The creators talked about doing things differently from BSG but having some of the same sci-fi philosophy that it was about the people and their lives, not about some kind of distracting sci-fi world. There is sci-fi, but there’s a “touchstone of familiarity” instead of having screens and gadgets. Gattaca was one of their visual references.
They compared Sasha Roiz as Sam to Tahmoh Penikett as Helo, characters who didn’t have a future planned after the pilot but who really came through and needed to be used more. And convesely, they’d apparently cut out a whole subplot with Amanda having an affair because it came off as less likable, but that’s why she had less to do in the Pilot. (according to Jane Espenson in Gravedancing, it was with Tomas Vergis!)
Gravedancing — commentary by Jane Espenson
She talked about the special effects budget. She said it was surprising how many special effect shots there were because even though it’s not like a classic sci-fi in space or with aliens, they have so many elements in the world which needed special effects.
For Sarno, she wrote a lot of jokes in the Jay Leno vein, which confirmed the feeling I got from his monologues & jokes, though he comes off as more of a Jon Stewart in the actual interview.
Also, she noted that they’d originally considered Marsters for Vergis but people decided he’d be better as Barnabas. So say we all.
The DVDs also offer podcast commentaries for all the episodes (except the pilot). The podcasts were the same ones they made available weekly and continue to make available and are synched up to the episodes. They’re not quite as good quality as the full-fledged commentaries, but it’s great that they put them on too.
Eventually I’m going to watch all the commentaries, but it always takes me longer to watch those than the other special features…partially because of the amount of time I’d need to commit and also because my instinct is to watch without commentary.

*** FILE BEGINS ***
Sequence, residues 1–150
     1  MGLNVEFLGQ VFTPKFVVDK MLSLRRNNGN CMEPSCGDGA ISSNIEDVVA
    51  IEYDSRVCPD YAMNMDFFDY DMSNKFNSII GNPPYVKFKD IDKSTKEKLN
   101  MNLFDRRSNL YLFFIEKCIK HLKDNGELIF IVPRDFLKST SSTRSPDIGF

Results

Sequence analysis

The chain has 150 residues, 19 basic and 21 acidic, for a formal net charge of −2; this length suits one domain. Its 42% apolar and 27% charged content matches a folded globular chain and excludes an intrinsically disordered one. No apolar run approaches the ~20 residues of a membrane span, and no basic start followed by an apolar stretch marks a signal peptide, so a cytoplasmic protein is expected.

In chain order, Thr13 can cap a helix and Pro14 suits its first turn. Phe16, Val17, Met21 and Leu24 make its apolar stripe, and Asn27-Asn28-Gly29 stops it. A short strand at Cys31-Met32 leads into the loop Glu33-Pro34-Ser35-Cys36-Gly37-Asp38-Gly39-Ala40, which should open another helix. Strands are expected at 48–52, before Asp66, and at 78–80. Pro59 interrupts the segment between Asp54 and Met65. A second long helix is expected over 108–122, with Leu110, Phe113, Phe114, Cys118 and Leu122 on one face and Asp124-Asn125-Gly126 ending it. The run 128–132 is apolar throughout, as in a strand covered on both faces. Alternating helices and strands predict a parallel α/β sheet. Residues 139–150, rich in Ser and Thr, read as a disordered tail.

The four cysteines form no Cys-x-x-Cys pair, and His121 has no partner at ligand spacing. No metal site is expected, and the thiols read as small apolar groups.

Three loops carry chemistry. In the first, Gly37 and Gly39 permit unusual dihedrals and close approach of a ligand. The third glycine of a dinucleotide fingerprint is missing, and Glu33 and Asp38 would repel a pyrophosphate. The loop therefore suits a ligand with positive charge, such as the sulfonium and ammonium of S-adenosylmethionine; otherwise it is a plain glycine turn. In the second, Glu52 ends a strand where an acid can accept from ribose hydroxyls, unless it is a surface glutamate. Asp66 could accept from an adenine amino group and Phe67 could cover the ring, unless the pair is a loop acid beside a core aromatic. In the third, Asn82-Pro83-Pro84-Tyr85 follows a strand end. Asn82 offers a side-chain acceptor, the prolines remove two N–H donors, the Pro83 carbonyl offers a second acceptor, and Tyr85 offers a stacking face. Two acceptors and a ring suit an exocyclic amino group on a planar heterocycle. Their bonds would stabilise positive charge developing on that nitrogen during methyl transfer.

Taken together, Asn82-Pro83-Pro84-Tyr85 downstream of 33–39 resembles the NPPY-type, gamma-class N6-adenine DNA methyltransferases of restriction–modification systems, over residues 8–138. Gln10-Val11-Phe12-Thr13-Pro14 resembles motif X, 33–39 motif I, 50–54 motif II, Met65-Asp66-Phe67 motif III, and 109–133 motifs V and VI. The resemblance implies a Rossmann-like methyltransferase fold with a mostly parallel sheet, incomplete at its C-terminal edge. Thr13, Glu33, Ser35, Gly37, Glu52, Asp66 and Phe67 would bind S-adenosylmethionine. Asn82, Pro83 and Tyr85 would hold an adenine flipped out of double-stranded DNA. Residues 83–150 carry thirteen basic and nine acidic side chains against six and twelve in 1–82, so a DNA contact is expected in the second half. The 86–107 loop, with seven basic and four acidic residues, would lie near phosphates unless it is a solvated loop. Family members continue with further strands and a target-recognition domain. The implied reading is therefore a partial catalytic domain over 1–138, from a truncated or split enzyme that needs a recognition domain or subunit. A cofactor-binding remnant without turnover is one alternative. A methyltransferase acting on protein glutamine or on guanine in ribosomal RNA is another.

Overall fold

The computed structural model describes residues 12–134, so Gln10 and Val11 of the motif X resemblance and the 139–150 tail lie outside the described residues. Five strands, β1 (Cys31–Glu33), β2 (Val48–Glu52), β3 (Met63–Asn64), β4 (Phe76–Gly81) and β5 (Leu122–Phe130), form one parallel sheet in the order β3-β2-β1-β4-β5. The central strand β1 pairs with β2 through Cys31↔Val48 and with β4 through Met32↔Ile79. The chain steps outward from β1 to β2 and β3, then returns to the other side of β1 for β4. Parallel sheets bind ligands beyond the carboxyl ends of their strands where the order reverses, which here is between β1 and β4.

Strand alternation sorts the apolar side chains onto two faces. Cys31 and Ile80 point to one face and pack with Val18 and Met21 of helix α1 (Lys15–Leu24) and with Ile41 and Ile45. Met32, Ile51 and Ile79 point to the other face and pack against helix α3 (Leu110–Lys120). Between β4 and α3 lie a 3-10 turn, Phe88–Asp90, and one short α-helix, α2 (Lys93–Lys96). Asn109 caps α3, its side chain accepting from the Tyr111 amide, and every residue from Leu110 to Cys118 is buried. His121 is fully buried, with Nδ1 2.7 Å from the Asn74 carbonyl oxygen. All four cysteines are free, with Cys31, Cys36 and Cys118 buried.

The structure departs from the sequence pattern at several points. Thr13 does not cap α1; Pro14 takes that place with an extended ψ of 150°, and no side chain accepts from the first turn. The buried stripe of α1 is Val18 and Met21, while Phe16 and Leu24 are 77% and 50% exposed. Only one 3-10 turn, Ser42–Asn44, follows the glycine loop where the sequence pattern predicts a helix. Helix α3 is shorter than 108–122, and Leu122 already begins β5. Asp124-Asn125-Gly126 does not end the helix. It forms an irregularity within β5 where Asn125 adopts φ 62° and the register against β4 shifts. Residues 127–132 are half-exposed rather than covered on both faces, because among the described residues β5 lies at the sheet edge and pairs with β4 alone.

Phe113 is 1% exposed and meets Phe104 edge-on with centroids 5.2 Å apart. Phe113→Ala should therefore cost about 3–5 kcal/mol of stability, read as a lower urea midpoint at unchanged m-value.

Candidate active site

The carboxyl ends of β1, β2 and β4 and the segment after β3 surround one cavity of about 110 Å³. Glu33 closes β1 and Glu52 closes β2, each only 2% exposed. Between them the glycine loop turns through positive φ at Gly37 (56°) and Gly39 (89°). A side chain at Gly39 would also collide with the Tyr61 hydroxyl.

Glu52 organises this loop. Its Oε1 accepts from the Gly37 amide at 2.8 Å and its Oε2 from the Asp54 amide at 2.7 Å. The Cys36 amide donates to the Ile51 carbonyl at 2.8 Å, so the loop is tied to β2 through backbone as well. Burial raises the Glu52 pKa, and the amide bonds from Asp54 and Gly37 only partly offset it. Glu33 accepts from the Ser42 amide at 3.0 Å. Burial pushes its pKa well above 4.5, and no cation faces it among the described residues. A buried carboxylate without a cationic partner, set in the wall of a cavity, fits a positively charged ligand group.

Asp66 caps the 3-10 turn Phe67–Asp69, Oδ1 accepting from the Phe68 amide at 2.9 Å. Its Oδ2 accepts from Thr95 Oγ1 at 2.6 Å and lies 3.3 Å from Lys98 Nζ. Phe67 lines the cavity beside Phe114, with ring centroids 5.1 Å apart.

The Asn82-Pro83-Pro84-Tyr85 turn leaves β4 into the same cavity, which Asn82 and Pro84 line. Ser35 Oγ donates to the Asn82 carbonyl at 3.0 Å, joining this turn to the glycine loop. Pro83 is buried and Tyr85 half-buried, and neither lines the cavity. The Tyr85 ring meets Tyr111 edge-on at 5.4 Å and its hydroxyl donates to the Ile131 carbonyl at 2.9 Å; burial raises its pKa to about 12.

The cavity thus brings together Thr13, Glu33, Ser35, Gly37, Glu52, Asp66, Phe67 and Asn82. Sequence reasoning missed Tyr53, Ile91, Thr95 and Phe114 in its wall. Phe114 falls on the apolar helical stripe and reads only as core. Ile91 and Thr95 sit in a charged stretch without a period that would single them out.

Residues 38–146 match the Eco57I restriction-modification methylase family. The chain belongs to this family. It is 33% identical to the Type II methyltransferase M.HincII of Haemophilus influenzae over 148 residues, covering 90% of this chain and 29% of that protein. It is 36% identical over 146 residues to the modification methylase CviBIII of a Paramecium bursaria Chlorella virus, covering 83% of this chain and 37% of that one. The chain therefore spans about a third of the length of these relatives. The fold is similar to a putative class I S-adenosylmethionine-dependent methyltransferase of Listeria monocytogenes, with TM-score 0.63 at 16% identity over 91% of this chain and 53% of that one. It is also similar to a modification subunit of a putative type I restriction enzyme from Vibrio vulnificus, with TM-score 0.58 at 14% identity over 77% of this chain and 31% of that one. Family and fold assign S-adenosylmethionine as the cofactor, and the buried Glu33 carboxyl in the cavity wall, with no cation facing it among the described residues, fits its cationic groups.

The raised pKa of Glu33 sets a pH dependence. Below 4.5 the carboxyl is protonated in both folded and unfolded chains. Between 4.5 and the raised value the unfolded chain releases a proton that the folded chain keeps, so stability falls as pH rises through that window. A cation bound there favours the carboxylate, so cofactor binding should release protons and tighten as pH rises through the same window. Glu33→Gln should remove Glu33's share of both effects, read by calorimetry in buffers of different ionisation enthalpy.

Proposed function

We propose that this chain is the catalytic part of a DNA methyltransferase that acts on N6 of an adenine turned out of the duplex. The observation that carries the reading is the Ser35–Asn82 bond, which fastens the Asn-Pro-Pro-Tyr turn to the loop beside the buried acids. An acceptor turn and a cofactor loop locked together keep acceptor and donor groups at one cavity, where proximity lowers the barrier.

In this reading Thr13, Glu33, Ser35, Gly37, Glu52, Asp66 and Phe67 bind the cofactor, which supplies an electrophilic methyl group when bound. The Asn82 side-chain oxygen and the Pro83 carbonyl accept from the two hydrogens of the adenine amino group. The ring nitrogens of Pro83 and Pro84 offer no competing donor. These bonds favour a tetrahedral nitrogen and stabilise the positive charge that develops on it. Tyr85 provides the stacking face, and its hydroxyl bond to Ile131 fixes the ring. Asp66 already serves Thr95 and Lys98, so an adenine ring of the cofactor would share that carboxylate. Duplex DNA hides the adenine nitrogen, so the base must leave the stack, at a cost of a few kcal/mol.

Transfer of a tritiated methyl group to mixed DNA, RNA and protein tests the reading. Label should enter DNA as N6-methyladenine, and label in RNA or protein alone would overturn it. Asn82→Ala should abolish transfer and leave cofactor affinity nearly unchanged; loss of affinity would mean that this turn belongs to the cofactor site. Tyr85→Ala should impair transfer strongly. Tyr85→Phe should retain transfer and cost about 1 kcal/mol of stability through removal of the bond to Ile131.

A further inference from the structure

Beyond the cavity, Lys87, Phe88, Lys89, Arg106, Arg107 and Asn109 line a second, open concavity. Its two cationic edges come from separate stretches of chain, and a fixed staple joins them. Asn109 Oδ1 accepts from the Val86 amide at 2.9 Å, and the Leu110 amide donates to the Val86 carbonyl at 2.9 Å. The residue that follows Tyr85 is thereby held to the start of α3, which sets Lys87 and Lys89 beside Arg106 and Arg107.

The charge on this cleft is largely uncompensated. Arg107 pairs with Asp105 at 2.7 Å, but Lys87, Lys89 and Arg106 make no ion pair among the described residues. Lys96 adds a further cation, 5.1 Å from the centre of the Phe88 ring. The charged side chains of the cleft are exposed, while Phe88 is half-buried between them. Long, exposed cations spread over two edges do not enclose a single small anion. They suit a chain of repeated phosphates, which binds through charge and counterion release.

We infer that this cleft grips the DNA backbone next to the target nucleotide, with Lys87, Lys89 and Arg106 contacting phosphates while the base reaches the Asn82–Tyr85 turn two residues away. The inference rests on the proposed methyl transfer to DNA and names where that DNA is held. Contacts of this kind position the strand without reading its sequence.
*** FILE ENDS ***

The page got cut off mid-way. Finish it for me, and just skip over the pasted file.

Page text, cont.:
There were a number of video blogs posted on Syfy and Hulu which they then collected and spaced out on the DVDs. I’ve seen a number of them before, it’s not anything special or unique for buyers but it’s nice to have them all in one place. Plus it’s a way to hold onto it when the videos go offline in the future.
Some of it’s just promos, but there are a number of thematic mini-featurettes. It’s fun seeing the actors comment on their characters or their take on how the other characters see the world. And there’s some cool behind-the-scenes stuff.
I’m very glad I got these and really looking forward to exploring them more. Caprica’s been a different experience for me. I don’t think I’ve ever watched a sci-fi show as it airs before (except Dollhouse, which I’m afraid I didn’t get as into). A lot of that was not having the right channels or being young or being in college. So while I’ve gotten into sci-fi this passionately before, it’s always come after the fact. (Doctor Who doesn’t count as I’m perpetually a season or more behind.)
I discovered Firefly right after the DVDs came out and some friends got them, so even though I felt the pain of loss knowing there wouldn’t be more, it wasn’t as acute it was for my friends who saw it live. It’s scary to commit to a show like that. I’ve always known before that there were X seasons and that it either came to a planned finish (DS9/Buffy) or was cut off way too early (Firefly) or went too long (only one coming to mind this late is CSI:Miami).
That’s a slight tangent from my point, which is that as part of the Caprica fan viewing experience, these DVDs are awesome. I expect that, as with BSG, they’ll release S1.5 separately, which means that it wouldn’t be worth holding out for the possibility of a combined season. If this is all there is, gods forbid, then it’s possible they’d do a “complete series.”